This was the second and final book in Avon’s Fantasy series–Jack Williamson’s The Green Girl, published in 1950 with uncredited cover artist. To further confuse defitions of science fiction and fantasy, the book is clearly part of the Fantasy series (see the logo) but is touted as science fiction in the cover blurb. It takes place far in the future (1999) and follows the adventures of a scientist who discovers an underground world with all sorts of strange creatures in it.
Tag Archives: Vintage Paperbacks
What would poor George Orwell have said about this Signet paperback cover of 1984? Published in 1950, just a year after the book’s hardcover publication and the same year as Orwell’s death, for all I know he was aware of it. While no one would call the book itself pulp fiction, the cover certainly gets the pulp treatment with its highlighting of the “Anti-Sex League” and the knowing looks of the man and woman who don’t seem very “anti” about each other.
This week’s cover is from Avon’s early run of science fiction novels. An Earth Man on Venus by Ralph M. Farley was originally published in the 1930s in the pulp magazines as “The Radio Man.” In Avon’s 1950 rendition, the “Kewpie-Doll Princess” was given some rather interesting treatment. The plot seems very derivative of Edgar Rice Burroughs’ first Martian novel. Here’s the back cover:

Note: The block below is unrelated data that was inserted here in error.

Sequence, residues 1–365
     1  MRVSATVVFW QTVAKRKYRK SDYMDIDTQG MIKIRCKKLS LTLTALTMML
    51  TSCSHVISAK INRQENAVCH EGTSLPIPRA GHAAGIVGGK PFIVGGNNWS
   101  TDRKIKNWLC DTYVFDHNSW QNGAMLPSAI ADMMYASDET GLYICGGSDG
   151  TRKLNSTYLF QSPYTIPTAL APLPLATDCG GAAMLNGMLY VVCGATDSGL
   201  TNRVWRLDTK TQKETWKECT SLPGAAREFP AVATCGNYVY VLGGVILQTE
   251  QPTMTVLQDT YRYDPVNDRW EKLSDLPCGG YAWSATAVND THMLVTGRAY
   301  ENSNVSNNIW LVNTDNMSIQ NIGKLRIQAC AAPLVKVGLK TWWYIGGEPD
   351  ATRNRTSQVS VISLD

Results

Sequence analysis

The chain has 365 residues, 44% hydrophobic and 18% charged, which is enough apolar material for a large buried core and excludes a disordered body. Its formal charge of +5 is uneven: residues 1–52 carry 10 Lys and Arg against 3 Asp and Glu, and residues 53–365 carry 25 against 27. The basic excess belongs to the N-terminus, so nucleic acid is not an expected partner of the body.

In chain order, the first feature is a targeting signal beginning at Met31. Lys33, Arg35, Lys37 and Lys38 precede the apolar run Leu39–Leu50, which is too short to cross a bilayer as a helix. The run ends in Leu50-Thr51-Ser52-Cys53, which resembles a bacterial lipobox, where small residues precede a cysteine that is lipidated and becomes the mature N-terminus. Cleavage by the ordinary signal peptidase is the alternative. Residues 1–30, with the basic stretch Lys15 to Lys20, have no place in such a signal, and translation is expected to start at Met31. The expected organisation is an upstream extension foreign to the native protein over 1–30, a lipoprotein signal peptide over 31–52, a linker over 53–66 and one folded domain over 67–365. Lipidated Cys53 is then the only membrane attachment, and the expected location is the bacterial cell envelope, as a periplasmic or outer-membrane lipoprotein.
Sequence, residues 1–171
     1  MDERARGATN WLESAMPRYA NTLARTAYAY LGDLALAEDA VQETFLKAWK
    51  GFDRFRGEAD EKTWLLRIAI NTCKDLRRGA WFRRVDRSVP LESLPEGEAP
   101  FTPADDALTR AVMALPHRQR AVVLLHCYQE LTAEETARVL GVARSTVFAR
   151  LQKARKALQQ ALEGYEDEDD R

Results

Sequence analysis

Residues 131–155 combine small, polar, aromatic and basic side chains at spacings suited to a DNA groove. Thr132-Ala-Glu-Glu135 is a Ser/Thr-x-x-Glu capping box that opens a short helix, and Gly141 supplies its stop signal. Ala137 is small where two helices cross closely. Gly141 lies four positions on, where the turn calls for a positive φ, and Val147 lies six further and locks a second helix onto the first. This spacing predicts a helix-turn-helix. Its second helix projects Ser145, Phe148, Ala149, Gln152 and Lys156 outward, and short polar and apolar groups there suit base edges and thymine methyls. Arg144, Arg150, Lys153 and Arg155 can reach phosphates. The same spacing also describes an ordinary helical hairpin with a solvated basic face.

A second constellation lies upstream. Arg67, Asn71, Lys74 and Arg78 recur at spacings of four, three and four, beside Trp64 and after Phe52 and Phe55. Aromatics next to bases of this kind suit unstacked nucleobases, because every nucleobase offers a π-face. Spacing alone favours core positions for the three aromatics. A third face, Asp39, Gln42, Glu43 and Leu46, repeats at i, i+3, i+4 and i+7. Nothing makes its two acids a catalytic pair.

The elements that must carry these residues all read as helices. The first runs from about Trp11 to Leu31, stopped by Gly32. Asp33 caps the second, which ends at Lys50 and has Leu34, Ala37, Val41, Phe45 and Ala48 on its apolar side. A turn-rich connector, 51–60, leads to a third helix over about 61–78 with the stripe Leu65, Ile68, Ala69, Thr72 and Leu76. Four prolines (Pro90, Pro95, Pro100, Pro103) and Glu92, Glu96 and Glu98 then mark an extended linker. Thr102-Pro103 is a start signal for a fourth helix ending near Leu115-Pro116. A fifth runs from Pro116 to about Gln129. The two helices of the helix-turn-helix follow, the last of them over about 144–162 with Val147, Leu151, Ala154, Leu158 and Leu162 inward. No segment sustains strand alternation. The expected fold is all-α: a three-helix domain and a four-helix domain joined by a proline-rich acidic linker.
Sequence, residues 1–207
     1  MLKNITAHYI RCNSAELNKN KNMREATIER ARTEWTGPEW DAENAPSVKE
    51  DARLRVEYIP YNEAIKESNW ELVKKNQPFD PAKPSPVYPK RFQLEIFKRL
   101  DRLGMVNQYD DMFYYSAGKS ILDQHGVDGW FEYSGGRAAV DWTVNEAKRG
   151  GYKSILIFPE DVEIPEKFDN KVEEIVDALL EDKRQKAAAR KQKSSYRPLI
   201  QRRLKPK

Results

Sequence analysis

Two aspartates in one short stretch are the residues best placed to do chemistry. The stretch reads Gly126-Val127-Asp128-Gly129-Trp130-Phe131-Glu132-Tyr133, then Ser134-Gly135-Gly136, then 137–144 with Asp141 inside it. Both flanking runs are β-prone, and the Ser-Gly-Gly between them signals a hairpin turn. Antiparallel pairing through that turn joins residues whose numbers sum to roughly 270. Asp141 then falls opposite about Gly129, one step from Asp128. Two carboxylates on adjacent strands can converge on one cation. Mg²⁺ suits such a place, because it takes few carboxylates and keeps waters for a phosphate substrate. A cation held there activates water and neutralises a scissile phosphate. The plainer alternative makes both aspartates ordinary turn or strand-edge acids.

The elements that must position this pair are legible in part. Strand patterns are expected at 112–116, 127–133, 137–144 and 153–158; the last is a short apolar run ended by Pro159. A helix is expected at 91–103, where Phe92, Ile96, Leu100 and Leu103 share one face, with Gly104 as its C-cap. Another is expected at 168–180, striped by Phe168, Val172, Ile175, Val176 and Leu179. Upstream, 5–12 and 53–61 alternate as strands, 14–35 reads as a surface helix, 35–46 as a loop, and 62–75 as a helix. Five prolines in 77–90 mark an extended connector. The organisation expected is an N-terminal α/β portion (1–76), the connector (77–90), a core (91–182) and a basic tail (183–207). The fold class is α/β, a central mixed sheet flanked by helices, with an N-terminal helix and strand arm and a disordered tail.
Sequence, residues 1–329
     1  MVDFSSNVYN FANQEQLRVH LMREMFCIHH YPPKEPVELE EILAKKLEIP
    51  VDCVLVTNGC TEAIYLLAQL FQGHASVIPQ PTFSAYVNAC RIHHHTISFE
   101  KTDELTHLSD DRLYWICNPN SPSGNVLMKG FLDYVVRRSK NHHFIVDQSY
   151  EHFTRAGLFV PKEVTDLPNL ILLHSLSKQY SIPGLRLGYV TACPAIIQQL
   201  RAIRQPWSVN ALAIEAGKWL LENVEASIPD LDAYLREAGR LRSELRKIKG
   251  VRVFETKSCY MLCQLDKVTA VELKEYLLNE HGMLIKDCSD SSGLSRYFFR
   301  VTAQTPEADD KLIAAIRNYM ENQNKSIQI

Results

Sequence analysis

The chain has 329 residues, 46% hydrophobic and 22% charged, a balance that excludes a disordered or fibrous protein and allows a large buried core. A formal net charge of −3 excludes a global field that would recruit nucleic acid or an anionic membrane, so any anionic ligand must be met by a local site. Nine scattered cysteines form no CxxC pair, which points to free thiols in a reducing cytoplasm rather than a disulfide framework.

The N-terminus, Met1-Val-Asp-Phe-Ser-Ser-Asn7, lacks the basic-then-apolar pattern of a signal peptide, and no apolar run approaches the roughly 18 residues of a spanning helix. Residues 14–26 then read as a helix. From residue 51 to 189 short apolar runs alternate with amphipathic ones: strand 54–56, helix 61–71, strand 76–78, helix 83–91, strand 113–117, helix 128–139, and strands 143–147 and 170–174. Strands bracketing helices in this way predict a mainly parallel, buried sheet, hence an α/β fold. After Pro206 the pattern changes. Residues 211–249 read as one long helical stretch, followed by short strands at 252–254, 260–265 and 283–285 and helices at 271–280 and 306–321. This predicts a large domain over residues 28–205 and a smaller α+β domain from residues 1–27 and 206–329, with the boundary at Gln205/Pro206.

Up this week is Border Town by Carroll Graham, published by Dell in 1952. This paperback reprints the first Vanguard edition published in the 1930s. Along with his brother, Garrett, the author is better known for having co-written Queer People, one of the most famous novels about Hollywood. In this book, Graham provides readers with a Latino character trying to build his reputation and empire on both sides of the California/Mexico border. This book was the basis for a film of the same name starring Bette Davis and Paul Muni.
This week’s cover is from the Lion paperback edition of Shirley Jackson’s The Lottery, published in 1950. Lion #14. Cover art by Herman Bischoff. This is one of the stranger covers in this genre, as Jackson’s title story is rather horrific, and even though we get silhouettes of the story’s aggressors and some flying stones as well, we also get the “sexy” Tessie Hutchinson who’s having trouble keeping her clothes on. An odd example, and rather collectible as a result.